Conversion App Download to Purchase

Of around 90 downloads of the app in the two weeks after release up to March 14th, we generated 18 transactions, which is a high conversion rate of 20%. We would expect to see no more than 2% based on the experience other mobile commerce projects.

On the Night

We set up at the venue at 5.30, and trained the LSO student coordinators Tomoyo and Callum over half an hour on how to use the scanner and web app (see below).

Tickets were scanned and redeemed between 6.00pm-7.30pm, with the last handed out at 7.35pm – after the concert had begun!


QR Code Scanning

The QR Code scanning with the manually operated barcode scanner worked flawlessly. There was the occasional issue of needing to focus the scanner in the right distance to the QR Code, but otherwise the decoding worked with all screens of different sizes as well as the paper printouts presented (see below).  


Web Application

In order to read and process the tickets, checking for validity and seat information via the QR Code, we had built a LSO Pulse “web app”, a website with interactive features. This worked well on the night, however we noted some user interface issues (web browser related) which we plan to improve for the next event.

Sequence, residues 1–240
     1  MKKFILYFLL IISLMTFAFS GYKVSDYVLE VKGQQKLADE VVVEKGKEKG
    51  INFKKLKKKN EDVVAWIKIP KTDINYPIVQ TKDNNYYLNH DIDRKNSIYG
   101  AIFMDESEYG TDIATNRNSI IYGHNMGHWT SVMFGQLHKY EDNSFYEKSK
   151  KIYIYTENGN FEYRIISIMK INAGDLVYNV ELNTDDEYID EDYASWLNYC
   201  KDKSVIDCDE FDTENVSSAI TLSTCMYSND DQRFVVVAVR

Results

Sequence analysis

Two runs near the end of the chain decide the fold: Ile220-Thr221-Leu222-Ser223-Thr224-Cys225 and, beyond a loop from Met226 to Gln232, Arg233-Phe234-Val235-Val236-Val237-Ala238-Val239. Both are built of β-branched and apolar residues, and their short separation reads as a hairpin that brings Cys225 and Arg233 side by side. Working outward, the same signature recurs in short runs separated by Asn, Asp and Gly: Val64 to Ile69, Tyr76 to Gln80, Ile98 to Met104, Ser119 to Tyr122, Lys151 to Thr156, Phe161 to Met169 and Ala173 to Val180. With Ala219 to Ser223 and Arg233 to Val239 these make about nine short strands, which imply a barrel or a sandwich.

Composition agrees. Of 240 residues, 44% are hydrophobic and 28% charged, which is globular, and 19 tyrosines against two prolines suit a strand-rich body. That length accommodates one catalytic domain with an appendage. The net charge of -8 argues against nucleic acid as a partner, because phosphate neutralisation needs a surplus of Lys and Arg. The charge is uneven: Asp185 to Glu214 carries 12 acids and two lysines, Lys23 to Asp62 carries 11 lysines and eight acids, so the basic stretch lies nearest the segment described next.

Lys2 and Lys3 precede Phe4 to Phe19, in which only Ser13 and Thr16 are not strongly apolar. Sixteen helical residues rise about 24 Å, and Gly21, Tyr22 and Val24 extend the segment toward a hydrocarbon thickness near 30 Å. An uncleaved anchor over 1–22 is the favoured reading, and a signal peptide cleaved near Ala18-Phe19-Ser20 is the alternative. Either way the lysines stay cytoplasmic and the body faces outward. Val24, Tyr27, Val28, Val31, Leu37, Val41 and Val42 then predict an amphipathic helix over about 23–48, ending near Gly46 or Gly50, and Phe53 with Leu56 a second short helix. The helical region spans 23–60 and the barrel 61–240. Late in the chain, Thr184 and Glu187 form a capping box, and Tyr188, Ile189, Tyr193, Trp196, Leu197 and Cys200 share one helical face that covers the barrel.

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Social Sharing

We do not have tracking of all the social share options (email excluded), but 3 shares of “I have bought my ticket via the LSO Pulse app” were made to facebook and Twitter. This is out of the 18 app users, so not bad. Again need more data/events here to evaluate.

After the Event

The App provides for automated Push Notification to ticket buyers to complete a Survey the day after the Event. Our test handsets successfully received this notification and records show it went out to all applicable users. We do not have control over their settings; iPhone users increasingly disable these alerts. Of the 26 handsets pushed, only 1 started and completed the survey so far. Surveys generate additional reward points for users, and we plan to use a text message to re-prompt the users to complete their survey. Will need to monitor this over the next few events. One other reality is that users are generally reluctant to complete multi-screen data entry on the small screen, unless there is compelling reason (such as having to provide address or credit card data for an order).

Outlook

We are very pleased with the results so far – we only released the app two weeks before the event, and outside of a few queries had no issues with the reasonably complex chain of mobile marketing, transaction, ticket delivery and redemption on the site.

The next events (starting from April 12th onwards) will be used to

– optimise existing process and systems based on outcome from first event
– test additional layers, example ticket PRINTING and entry management
– gain more data from users for deeper analysis

Watch this space!

Nico

Social Interpretation: Which phone stays? YOU DECIDE!